Conway talks conservativism vs ‘feminism’: I’m a product of my choices, not victim of my circumstances

Kellyanne Conway doesn’t like to call herself a feminist and definitely does not see herself as a victim of circumstances.

The counselor to the president elaborated on the role of women in the conservative movement during an interview Thursday at the Conservative Political Action Conference.

“It’s difficult for me to call myself a feminist in the classic sense because it seems to be very anti-male and it certainly is very pro-abortion,” Conway told Mercedes Schlapp. ” And I’m neither anti-male or pro-abortion.”

“I look at myself as a product of my choices and not a victim of my circumstances,” Conway added. “And that’s what I believe conservative ‘feminism,’ if you will,  is all about.”

Conway shared that her experiences have led to a “disappointing and revealing” conclusion.

“Turns out a lot of women just have a problem with women in power,” she said. “This presumptive negativity about women and power I think is very unfortunate. Let’s just try to access that and have a conversation about it rather than a confrontation.”

The 50 year-old former Trump campaign manager also addressed how women in the 2016 election “looked past commonality of gender” by not voting for former Democratic nominee Hillary Clinton. Being the first woman president of the U.S. is something she said she still encourages her daughters to aim for.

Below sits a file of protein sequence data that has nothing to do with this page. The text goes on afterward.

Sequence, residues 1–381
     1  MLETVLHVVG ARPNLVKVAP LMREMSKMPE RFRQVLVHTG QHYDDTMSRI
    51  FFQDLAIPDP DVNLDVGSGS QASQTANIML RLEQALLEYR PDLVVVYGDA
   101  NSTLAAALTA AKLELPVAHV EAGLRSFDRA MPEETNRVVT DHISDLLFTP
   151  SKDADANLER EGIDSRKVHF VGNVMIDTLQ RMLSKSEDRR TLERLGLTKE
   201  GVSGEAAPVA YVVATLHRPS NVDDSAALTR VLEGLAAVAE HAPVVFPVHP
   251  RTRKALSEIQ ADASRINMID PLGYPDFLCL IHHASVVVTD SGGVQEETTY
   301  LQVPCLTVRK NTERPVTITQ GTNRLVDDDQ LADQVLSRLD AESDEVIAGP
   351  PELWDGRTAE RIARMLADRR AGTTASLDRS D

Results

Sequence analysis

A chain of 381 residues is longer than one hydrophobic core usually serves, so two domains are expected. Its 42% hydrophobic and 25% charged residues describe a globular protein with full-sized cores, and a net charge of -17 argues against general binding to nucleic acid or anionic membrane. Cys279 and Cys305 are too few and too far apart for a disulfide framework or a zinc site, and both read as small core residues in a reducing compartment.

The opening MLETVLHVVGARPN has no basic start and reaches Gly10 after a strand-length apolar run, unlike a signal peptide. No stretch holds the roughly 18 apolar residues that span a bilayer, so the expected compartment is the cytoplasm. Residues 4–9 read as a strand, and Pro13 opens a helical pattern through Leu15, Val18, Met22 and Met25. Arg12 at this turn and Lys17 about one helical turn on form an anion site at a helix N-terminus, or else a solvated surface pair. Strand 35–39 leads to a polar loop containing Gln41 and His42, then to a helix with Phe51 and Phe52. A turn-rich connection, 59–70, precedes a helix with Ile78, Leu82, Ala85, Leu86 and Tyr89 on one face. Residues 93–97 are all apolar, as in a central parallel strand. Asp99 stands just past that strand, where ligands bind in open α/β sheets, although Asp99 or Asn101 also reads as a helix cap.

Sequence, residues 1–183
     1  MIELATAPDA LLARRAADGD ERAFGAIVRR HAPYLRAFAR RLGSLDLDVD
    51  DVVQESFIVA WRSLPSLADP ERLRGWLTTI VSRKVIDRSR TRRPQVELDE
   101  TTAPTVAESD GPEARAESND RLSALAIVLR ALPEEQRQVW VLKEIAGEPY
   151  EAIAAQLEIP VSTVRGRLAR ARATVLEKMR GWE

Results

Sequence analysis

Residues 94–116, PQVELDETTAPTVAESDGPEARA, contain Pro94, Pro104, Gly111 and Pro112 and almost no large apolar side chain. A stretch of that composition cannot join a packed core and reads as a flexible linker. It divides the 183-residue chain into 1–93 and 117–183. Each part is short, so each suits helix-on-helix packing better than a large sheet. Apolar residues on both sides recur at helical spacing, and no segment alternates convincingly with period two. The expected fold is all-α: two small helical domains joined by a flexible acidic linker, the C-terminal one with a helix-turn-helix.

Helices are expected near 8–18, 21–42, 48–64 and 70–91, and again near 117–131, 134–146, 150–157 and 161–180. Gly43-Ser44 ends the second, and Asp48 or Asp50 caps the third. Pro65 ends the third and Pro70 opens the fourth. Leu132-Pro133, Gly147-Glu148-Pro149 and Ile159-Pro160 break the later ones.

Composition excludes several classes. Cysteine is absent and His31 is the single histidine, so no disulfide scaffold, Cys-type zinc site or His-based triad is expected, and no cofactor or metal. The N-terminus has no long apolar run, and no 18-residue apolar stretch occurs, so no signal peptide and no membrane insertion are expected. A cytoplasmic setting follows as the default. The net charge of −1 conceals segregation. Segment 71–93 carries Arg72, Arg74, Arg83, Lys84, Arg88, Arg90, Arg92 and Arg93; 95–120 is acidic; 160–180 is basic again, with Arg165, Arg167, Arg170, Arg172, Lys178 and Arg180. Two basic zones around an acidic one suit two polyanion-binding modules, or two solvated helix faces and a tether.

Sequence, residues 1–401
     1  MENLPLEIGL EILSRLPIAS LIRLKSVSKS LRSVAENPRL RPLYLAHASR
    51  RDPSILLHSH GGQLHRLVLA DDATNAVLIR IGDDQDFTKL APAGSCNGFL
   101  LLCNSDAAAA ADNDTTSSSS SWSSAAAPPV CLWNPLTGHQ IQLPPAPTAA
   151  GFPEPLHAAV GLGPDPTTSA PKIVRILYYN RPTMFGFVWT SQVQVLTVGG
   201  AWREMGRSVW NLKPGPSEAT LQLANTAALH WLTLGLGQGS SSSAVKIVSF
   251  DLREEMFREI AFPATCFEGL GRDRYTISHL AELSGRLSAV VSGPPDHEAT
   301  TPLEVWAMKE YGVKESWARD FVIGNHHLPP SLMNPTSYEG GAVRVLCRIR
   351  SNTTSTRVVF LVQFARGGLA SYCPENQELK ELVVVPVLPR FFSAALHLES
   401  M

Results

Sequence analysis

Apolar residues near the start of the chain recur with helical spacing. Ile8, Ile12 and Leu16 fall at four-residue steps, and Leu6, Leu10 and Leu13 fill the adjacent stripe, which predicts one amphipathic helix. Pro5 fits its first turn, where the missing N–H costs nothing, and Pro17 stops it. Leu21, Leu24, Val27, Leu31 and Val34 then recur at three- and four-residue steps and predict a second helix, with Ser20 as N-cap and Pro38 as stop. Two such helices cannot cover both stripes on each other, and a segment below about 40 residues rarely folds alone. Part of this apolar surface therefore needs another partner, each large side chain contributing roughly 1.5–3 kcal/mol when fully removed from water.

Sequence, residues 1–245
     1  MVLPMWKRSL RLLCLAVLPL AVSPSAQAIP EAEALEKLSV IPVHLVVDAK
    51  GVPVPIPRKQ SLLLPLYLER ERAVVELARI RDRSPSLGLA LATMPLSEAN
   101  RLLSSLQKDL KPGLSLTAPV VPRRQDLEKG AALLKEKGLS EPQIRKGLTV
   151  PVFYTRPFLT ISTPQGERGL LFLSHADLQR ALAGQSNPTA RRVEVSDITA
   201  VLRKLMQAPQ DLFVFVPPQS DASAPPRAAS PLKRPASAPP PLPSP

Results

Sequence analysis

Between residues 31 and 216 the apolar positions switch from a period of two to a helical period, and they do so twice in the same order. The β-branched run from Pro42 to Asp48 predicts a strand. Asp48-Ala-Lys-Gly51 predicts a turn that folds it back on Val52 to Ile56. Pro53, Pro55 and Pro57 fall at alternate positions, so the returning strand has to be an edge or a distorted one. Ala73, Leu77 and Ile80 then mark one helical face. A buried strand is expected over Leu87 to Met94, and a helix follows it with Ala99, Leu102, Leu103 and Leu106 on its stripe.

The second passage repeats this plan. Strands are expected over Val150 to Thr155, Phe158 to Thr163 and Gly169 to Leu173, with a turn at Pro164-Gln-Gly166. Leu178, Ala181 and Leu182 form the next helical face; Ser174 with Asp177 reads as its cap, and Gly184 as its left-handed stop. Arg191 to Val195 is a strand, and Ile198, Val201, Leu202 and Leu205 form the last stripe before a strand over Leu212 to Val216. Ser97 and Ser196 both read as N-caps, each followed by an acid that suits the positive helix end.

Conway gave some advice to women who face salary gap issues and gave a personal story of how she once handled pay negotiations.

Conway had some sound advice for conservative college students as well, as they navigate the very liberal waters of the educational institutions.

“Don’t live online. Live in real time,” she said. “Live in the real world.”

Of course, Conway took time to speak about her boss, the president, and gave some insight into his private self and what motivates him.

Trump is scheduled to speak at the conference on Friday morning in very different circumstances than when he addressed attendees in 2015.

This year’s CPAC attendees may well give Trump, the first sitting Republican president to speak at the conference since Ronald Reagan, a warm welcome. Conway quipped that Trump’s significant impact on the conservative movement may affect the 44th annual CPAC event.

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